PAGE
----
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June, 2021

Force sensors that are thin, low-cost, flexible, and compatible with commercial microelectronic chips are of great interest for use in biomedical sensing, precision surgery, and robotics. By leveraging a combination of microfluidics and capacitive sensing, we have developed a thin, flexible force sensor that is conformable and robust. The sensor consists of a partially filled microfluidic channel made from a deformable material, with the channel overlaying a series of interdigitated electrodes coated with a thin, insulating polymer layer. When a force is applied to the microfluidic channel reservoir, the fluid is displaced along the channel over the electrodes, thus inducing a capacitance change proportional to the applied force. The microfluidic molds themselves are made of low-cost sacrificial materials deposited via aerosol-jet printing, which is also used to print the electrode layer. We envisage a large range of industrial and biomedical applications for this force sensor, and have been developing these for use in sensor-assisted orthopaedic surgery. A patent application has been filed, and the technology forms the basis of a new spinout company from the department, ArtioSense Ltd.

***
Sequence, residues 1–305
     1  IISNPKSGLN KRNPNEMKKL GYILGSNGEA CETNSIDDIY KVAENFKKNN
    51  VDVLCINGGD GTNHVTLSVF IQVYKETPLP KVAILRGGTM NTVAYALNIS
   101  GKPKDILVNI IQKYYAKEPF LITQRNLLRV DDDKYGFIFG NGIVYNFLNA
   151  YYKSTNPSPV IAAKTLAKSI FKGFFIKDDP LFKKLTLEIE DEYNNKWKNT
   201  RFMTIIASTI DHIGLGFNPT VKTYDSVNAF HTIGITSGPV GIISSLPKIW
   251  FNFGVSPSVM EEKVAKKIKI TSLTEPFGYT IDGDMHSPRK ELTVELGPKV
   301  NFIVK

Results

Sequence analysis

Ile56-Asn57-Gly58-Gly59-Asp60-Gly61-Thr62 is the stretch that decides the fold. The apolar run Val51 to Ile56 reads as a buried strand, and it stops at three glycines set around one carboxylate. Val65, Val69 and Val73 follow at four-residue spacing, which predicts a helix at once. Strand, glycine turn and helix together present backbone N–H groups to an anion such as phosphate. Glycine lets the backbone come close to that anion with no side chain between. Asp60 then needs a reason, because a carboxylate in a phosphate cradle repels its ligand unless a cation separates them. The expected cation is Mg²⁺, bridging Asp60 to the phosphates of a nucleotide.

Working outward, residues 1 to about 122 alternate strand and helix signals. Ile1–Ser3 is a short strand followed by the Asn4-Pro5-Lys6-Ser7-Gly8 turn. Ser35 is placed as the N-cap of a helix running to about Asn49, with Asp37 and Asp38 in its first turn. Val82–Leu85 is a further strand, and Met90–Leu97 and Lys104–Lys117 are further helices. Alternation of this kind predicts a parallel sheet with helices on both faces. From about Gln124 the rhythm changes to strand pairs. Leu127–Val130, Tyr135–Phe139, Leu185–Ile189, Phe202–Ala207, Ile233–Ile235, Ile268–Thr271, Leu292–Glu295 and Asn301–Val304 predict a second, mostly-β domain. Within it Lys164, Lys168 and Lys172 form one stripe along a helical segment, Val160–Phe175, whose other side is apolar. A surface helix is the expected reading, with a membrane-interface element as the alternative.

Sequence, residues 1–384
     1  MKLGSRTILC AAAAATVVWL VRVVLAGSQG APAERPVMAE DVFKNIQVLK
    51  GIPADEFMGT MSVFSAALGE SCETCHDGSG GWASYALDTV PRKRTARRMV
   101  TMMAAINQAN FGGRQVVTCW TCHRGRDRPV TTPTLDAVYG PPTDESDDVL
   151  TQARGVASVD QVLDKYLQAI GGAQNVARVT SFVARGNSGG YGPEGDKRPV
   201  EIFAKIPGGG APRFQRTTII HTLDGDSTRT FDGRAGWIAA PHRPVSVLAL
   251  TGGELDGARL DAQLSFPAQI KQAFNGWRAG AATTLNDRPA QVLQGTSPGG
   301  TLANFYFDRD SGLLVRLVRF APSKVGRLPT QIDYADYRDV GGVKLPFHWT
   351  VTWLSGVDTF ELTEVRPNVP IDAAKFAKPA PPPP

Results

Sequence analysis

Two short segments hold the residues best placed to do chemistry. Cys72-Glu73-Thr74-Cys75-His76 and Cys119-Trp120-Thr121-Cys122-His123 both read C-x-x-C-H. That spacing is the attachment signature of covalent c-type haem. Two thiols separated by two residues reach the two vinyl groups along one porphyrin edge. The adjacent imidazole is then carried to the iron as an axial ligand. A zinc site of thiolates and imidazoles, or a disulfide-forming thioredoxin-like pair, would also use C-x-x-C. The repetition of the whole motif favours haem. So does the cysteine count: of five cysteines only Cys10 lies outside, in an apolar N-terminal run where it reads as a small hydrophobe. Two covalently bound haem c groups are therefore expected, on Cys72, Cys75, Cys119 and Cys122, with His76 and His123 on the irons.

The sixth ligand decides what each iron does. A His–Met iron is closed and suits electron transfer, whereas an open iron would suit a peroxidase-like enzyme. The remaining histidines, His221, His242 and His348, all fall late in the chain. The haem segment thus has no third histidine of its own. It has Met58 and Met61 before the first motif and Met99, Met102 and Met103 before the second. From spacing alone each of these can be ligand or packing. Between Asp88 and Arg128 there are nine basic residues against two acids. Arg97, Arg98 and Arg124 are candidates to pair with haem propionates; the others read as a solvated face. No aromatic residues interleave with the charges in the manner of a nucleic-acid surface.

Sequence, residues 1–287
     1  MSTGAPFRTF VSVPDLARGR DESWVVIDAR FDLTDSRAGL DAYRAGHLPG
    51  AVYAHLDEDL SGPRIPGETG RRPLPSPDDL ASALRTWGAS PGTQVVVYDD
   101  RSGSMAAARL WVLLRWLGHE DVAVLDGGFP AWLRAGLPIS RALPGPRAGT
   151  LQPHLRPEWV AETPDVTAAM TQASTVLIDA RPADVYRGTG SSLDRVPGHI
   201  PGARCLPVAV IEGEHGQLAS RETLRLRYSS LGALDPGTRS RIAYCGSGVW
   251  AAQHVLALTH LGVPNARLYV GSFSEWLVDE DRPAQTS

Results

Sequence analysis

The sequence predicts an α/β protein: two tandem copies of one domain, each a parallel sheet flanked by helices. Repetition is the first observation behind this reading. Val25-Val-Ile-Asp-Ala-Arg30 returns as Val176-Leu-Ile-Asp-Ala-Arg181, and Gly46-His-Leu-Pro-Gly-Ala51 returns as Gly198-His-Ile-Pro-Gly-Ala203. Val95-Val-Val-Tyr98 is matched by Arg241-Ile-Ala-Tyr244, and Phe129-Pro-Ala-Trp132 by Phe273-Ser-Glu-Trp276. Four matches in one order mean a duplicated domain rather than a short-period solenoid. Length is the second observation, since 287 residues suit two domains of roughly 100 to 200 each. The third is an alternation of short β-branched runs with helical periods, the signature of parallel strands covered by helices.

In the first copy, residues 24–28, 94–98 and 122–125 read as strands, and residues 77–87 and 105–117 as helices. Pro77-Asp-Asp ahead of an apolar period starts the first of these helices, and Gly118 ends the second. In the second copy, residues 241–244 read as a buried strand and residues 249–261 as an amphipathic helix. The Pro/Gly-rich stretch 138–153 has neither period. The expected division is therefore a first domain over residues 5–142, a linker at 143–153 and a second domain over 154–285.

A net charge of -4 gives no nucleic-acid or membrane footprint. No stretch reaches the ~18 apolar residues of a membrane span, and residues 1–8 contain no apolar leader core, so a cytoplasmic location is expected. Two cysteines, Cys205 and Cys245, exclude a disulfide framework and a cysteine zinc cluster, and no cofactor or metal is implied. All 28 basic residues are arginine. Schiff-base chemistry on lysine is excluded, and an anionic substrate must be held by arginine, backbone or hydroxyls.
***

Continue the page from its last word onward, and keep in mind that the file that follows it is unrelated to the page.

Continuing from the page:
Figure: Highly flexible, capacitive force sensors based on microfluidics. The sensors exhibit a linear capacitance response to applied force. Their design can be easily tuned to achieve a range of sensitivities and force measurements via aerosol-jet printing, which is a microscale additive manufacturing technique capable of rapid prototyping.

Q Jing, A Pace, L Ives, A Husmann, N Ćatić, V Khanduja, J Cama, and S Kar-Narayan, "Aerosol-Jet Printed Conformable Microfluidic Force Sensors", Cell Reports Physical Science 2 100386 (2021).

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